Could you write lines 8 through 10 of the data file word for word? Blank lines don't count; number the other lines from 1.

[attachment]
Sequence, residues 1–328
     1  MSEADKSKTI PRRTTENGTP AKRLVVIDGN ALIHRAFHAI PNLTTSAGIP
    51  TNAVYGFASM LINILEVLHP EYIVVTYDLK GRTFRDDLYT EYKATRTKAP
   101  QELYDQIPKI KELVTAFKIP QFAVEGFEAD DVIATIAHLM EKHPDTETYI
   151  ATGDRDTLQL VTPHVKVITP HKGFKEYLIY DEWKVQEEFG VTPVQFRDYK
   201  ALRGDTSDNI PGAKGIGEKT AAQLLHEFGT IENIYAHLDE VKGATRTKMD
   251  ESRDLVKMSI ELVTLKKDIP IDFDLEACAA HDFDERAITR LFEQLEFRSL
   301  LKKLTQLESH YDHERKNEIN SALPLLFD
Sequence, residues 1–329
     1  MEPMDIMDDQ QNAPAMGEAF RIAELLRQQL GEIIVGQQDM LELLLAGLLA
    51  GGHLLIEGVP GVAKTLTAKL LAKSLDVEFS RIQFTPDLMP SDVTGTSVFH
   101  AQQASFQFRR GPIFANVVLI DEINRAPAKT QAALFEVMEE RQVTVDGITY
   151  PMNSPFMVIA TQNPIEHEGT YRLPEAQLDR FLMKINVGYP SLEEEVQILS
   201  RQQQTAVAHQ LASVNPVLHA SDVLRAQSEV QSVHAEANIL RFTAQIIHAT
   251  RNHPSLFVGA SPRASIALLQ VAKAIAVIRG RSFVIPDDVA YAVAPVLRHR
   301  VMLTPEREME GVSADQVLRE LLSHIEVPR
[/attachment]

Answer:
   301  LKKLTQLESH YDHERKNEIN SALPLLFD
Sequence, residues 1–329
     1  MEPMDIMDDQ QNAPAMGEAF RIAELLRQQL GEIIVGQQDM LELLLAGLLA